Thursday, 6 January 2011

Rafael Lozano-Hemmer at Manchester Art Gallery

Here is my review of 'Recorders' the exhibition by Rafael Lozano-Hemmer at Manchester Art Gallery (18th Sept 2010-13th Jan 2011) which I promised a while back! I saw this show in October but all the exhibits weren't working, so I went back for another look recently to see it again and the one that I missed was working but another wasn't, that's life! Rafael Lozano-Hemmer is a Mexican-Canadian artist who creates particapatory works which only 'work' or make sense when someone, you, me or anyone else there does something from a simple walk across a floor, to writing a question, to emptying your pockets or shouting into a microphone.
As the interpretation says "He 'misuse's' technology to create experiences of connection & complicity by using ambiguity, irony, repetition, performance & self-representation."
The exhibition takes up the main changing exhibition space in Manchester Art Gallery, when you first enter you notice the light level is low and a video screen showing fingerprints the work titled 'Pulse Index' came with simple instructions to place your finger in an electronic device, it's a surprise straight off, having to figure out what to do and it comes from watching other people in the gallery, or asking staff. You have to wait for about a minute till the reader acknowledges your print and puts it up on screen, each new print bumps off an old one, always regenerating, making a new image. It becomes a record of who was there before you, who is just in front of you and around the corner, you can see the thing about a person that is unique yet which now comes with conatations of security and police. This works well visually and sets the tone of the audience making the work come into existence but is that it?
A piece I liked better was 'Please empty your pockets' where you could scan anything on a conveyor belt and a projected image of that object would then appear on the conveyor next to previous scans. with this you marvelled and laughed at what people had scrounged out of their pockets wanting to share, my contribution? a cereal bar and a timetable! The simplicty of this was light and refreshing and people stayed around a while 'playing' with it. This play aspect is interesting because it forces you into a situation with strangers which is unlike a normal gallery experience, you are put in a balancing act of participating and enjoying what others participate, you are the performance, you are the artwork and you want to be it, there's none of the age-old, I could have done that, that's not art statements, it's just pure fun and laughter which we all could do with a bit more of!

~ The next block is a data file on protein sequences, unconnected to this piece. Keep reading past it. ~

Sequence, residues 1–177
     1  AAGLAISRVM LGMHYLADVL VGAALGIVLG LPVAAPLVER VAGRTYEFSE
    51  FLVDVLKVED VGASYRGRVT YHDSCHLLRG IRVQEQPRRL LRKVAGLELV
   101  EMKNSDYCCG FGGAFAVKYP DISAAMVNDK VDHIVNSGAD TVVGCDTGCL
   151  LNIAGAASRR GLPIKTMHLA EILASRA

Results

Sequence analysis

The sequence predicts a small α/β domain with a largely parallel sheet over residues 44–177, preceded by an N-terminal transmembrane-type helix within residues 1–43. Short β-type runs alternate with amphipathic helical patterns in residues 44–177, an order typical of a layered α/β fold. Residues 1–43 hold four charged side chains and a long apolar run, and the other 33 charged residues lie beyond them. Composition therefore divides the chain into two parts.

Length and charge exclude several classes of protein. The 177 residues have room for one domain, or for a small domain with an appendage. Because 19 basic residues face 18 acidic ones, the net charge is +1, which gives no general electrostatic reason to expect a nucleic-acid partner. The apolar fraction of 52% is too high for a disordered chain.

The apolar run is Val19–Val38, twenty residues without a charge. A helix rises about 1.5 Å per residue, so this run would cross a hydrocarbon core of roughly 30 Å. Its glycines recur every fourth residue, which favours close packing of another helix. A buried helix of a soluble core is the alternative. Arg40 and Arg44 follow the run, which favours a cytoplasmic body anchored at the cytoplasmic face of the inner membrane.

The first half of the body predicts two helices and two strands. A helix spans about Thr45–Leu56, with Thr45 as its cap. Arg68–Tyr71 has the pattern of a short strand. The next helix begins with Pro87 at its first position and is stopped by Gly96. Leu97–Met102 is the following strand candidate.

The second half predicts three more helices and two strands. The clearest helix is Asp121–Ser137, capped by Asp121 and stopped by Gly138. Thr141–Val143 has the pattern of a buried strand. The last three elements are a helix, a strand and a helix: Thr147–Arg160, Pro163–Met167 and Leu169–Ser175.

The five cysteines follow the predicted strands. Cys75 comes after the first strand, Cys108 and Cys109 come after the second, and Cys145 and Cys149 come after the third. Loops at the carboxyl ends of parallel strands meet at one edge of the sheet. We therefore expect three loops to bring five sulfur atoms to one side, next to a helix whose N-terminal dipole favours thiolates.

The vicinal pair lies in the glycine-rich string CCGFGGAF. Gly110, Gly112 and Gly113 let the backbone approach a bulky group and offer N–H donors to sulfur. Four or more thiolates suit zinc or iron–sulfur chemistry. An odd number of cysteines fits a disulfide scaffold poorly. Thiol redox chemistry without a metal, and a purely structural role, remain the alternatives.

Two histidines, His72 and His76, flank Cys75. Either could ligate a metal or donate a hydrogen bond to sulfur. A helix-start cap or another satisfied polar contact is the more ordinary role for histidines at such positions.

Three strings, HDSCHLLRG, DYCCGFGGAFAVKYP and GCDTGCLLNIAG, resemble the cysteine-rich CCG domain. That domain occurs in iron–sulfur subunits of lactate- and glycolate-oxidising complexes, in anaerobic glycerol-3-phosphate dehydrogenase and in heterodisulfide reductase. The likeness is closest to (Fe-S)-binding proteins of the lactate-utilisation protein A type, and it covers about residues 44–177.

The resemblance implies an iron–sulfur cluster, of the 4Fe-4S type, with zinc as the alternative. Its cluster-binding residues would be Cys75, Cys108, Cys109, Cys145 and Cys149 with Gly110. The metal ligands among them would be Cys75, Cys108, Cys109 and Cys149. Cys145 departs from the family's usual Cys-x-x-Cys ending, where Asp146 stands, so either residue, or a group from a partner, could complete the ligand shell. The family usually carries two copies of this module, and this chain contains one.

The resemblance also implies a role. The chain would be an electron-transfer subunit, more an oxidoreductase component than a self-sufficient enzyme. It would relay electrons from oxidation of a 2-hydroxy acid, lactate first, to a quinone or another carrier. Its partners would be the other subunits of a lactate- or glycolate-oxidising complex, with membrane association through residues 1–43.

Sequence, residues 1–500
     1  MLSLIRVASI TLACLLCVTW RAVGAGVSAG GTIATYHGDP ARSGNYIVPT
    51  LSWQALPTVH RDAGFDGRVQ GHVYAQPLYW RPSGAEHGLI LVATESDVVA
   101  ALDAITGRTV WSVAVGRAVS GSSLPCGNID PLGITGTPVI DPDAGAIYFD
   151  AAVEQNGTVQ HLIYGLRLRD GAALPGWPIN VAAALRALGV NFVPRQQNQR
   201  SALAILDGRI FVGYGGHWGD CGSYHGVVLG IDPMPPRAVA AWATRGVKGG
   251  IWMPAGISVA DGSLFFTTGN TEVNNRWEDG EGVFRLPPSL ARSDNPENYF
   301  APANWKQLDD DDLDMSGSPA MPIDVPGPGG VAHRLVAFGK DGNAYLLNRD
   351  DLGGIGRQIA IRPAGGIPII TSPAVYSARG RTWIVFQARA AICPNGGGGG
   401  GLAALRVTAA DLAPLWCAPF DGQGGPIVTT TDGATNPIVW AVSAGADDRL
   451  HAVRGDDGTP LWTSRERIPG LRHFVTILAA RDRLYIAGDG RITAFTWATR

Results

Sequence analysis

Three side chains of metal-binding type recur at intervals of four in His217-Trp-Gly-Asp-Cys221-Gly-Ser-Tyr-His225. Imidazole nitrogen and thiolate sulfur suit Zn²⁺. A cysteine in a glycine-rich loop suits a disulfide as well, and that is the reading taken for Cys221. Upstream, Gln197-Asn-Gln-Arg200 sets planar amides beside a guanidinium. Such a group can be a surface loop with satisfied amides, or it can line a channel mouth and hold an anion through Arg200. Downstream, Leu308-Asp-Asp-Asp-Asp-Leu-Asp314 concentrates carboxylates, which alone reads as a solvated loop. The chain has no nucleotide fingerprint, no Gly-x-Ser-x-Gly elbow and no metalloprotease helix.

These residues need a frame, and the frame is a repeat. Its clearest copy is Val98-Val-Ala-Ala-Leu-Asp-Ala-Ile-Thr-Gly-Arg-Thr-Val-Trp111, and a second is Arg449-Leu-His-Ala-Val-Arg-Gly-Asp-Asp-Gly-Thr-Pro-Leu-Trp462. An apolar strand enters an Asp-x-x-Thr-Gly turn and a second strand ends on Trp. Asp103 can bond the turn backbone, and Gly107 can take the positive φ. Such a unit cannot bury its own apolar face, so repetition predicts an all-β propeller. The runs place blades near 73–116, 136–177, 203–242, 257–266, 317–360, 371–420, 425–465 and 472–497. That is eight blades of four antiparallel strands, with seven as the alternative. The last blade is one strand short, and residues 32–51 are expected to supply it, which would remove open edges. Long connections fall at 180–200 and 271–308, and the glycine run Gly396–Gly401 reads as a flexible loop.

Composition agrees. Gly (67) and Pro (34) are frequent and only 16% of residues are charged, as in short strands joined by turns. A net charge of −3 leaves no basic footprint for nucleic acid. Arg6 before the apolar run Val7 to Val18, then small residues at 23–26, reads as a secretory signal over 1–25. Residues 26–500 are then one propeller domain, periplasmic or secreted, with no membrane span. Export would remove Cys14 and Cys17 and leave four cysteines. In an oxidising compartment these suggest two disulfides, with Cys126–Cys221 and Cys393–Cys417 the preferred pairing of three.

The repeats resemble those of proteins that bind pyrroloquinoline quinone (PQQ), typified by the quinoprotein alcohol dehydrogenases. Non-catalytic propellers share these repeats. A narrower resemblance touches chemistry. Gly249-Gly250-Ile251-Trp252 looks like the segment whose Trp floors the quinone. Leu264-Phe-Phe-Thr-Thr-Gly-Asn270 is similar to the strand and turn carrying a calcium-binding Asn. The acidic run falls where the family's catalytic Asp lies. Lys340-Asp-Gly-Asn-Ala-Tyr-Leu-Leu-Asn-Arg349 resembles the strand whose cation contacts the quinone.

In 'Pulse Room' you walk into a room lightened by lightbulbs free-hanging over your head and then suddenly you're plunged into darkness, and then in a flash the lights are on again. Moving down the large room you see a contraption which you hold onto for 15 seconds, which monitors your pulse and transforms that into how the first lightbulb will behave. Again it's fun, you're contributing, remembering that technology can be entertaining in a physical way too, but then in the back of your mind there's the 'big brother' aspect and you realise all this technology is used for surveillance and your privacy is being compromised, are you giving away too much, is the system winning or am I being paranoid? This element of sinister darkness is helped along by the low-lighting conditions. Also on my 2nd visit there was about 2 other people in the gallery with me which was un-nerving, you're meant to be a spec in the mass of people but then you're individuality is suddenly intensely heightened.
'People on People' uses CCTV and hidden cameras to watch and survey the room with close up cameras and projections which fill an entire wall floor to ceiling it is overwhelming, embarressing, fun, strange to see your yourself that high, to see how others might be seeing you in a public space. This work only truely comes alive because of the people in the gallery, on my first visit it was busy and so was this work, it was real, people were interacting with there own image thrown back at them. On my 2nd visit it was just me which was unsettling and not fun at all, the fact that I was being recorded and projected really felt like somebody up there was watching me.
Maybe what I took away from the exhibition was that surveillance & technology are an inevitable part of our lives in 2011 and the future, it's what you do with it, your attitude towards it and how you interact with others that is the important thing as well as having a laugh and a smile on your face while you do it!
(see image links for image sources)

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